Nov 3, 2014 1:14 PM
Chicago Cubs introduce Joe Maddon as manager
The Associated Press
CHICAGO (AP) Joe Maddon's unusual road to the manager's office at Wrigley Field included a job interview at an RV park in Pensacola, Florida. The first public stop was a bar across the street from the iconic ballpark, where Maddon offered to buy a beer and a shot for everyone in the room.
"The Hazleton way," he said in tribute to his Pennsylvania hometown.
If the beginning of Maddon's partnership with the Cubs is any indication, this is going to be one interesting ride.
Maddon brought his unconventional style to Chicago on Monday when he was introduced as the Cubs' fifth manager since the start of the 2010 season, replacing Rick Renteria after just one year on the job. Flanked by smiling executives Jed Hoyer and Theo Epstein, he slipped on a pinstriped No. 70 jersey and repeatedly said how he excited he was about his new job.
Perhaps more importantly, at least for a century's worth of frustrated Cubs fans, he talked about winning right now.
"Listen, for me, I'm going to be talking playoffs next year. OK, I'm going to tell you that right now," said Maddon, who got a $25 million, five-year contract making him one of the highest paid managers in the game, "because I can't go to spring training and say another thing. I'm just incapable of doing that. Why would you even report?"
The 60-year-old Maddon had a 754-705 record in nine seasons in Tampa Bay, leading the club to four playoff appearances, two AL East titles and a five-game loss to Philadelphia in the 2008 World Series. The two-time AL Manager of the Year also was the bench coach for six seasons under Angels manager Mike Scioscia before he was hired by Tampa Bay in November 2005.
The Rays went 77-85 this year, and Maddon opted out of his contract after Andrew Friedman left Tampa Bay's front office to take over the Los Angeles Dodgers on Oct. 14. The Cubs already had a manager in Renteria, but Epstein felt he had to act on Maddon's free agency.
"You wrestle with those things. As a person, I didn't want to do it," said Epstein, who also interviewed Maddon for the manager job with the Red Sox before he hired Terry Francona ahead of the 2004 season. "I don't want to ever be unfair to someone else. But as an executive and as someone charged with winning a World Series here, I had no choice but to do it. It was clearly the right move for the Cubs."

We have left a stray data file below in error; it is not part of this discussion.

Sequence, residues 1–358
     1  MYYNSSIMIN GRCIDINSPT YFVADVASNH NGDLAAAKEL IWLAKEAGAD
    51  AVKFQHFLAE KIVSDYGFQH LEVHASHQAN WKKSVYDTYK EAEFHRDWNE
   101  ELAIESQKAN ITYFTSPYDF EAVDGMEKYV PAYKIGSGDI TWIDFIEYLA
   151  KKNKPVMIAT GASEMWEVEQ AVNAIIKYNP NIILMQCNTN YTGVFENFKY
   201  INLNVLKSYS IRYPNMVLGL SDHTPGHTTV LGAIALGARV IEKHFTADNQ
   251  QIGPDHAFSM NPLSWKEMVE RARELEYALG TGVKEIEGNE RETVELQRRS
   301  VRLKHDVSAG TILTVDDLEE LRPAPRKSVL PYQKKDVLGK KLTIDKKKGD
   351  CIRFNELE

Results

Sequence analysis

After Epstein confirmed with Major League Baseball that Maddon had opted out of his contract, Hoyer informed Renteria about what was going on. Then Epstein and Hoyer flew to Florida to meet with Maddon, who was traveling cross country with his wife, Jaye.
"We kind of sat behind the Cousin Eddie. That's our RV, the Cousin Eddie, a 43-foot Winnebago," Maddon said, "and we sat back there and pretty much just talked philosophy about how this is all going to work. For me, that was the most important thing. That's what I needed to know, that we were philosophically aligned."
Chicago finished 73-89 in Renteria's only season as a major league manager. The move puts the rest of Renteria's staff in jeopardy, but pitching coach Chris Bosio attended Maddon's introductory press conference and Epstein made it sound as if he thinks most of the coaches will be retained.
Maddon inherits an impressive group of prospects and a bigger payroll after his successful run with the small-market Rays. But he also gets a run of five consecutive losing seasons and a famous title drought that goes back to the Cubs' win in the 1908 World Series.
Chicago hasn't made it to the playoffs since it won the NL Central in 2008 with Lou Piniella in the dugout. Epstein was hired after the Cubs went 71-91 in 2011, beginning a rebuilding process that included 101 losses in his first year in charge.
But Epstein thinks the Cubs are ready to contend right now, especially after the bold move to put Maddon in the dugout. First baseman Anthony Rizzo and shortstop Starlin Castro each made the All-Star team this year, and young sluggers Javier Baez and Jorge Soler had some positive moments in their first major league action.
"We believe that we're transitioning away from a three-year period where we were essentially only accumulating young talent, and now we're competing," Epstein said.
Maddon's most pressing task is building on the development of Chicago's core group of young players, while paving the way for another wave of prospects that includes third baseman Kris Bryant and shortstop Addison Russell.
"Why would you not want to accept this challenge in this city in that ballpark under these circumstances with this talent?" Maddon said. "It's an extraordinary moment."
Jay Cohen can be reached at http://www.twitter.com/jcohenap